Posted On: September 24, 2012 by Bruce M. Robinson

Manslaughter Anne Arundel County- NOT GUILTY

My 24 year old client was charged with Manslaughter when it was alleged that he was weaving/speeding in traffic and rear ended a car in Anne Arundel County. The case was pending for nearly one year. The witness statements and the physical evidence did not support these callous and baseless accusations.

Thanks in part to shoddy police investigation combined with selective investigative techniques, ie. taking statements from those witnesses that support the police theory and steering clear of witnesses that did not support the police theory, the Jury remained unmoved by the Government's pleas for justice for the deceased victim.

The Government put on it's one day case and the defense put on its witness for approximately 10 minutes and rested the case. The defendant did not even need to testify. 3 hours later (including lunch breach) the jury came back with a NOT GUILTY verdict on Manslaughter and Reckless driving, the most serious charges. The jury found the defendant guilty of minor traffic offenses like speeding and negligent driving; he received a $500 fine.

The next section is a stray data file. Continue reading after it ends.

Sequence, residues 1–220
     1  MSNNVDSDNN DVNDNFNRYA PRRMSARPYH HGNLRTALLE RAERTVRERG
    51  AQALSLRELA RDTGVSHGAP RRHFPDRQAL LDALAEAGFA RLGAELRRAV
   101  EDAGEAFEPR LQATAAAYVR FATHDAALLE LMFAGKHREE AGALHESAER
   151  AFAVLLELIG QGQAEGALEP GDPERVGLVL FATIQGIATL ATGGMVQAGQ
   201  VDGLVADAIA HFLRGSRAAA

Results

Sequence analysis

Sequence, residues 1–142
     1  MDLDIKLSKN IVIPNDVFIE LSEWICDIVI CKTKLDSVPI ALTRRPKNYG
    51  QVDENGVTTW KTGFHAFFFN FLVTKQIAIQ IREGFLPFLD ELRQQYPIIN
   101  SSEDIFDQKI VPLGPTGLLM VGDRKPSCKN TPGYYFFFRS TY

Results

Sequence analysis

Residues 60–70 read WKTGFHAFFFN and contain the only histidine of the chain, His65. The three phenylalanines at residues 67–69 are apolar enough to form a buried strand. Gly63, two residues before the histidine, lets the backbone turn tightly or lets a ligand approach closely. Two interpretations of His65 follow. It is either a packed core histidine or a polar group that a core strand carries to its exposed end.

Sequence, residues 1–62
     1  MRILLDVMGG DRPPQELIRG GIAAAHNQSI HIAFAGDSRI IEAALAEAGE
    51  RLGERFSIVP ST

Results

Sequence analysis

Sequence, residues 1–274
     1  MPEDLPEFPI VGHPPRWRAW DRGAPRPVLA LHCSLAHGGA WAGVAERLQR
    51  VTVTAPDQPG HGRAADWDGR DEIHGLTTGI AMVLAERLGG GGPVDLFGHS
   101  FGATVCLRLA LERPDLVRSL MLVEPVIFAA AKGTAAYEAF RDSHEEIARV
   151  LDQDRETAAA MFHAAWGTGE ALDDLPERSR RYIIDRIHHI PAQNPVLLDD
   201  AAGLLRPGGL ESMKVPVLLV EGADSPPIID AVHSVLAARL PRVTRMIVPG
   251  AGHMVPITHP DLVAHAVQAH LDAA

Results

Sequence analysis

The laws in this state support a manslaughter finding where a victim dies and the defendant is found to have operated his car in a grossly negligent or wanton and reckless manor. While this sounds reasonable, the Government is contorting this standard to achieve convictions and cases where they should not be.

Recently, there was another case in the paper of a young woman with a learner's permit in Anne Arundel County. She negligently turned left in front of an oncoming taxi. The taxi driver was killed in the accident. It was a mistake which anybody in a momentary lapse could make. The Government did not see it that way and prosecuted the young girl for manslaughter. Sadly she was convicted of this very serious charge for what appears to be simple negligence (we did not represent her).

This conviction is not a good thing; it is a disaster. While somebody died in the accident, it remains an accident. Giving the Government the authority to prosecute very serious felony charges in this fashion and juries supporting that decision, is a scary concept.

Any one of us good and responsible licensed drivers could have a momentary lapse of judgment while driving a vehicle (that is what insurance is for) and the only thing that stands between us and a felony charge/conviction is what happens to the victim??? Not good folks, not good at all.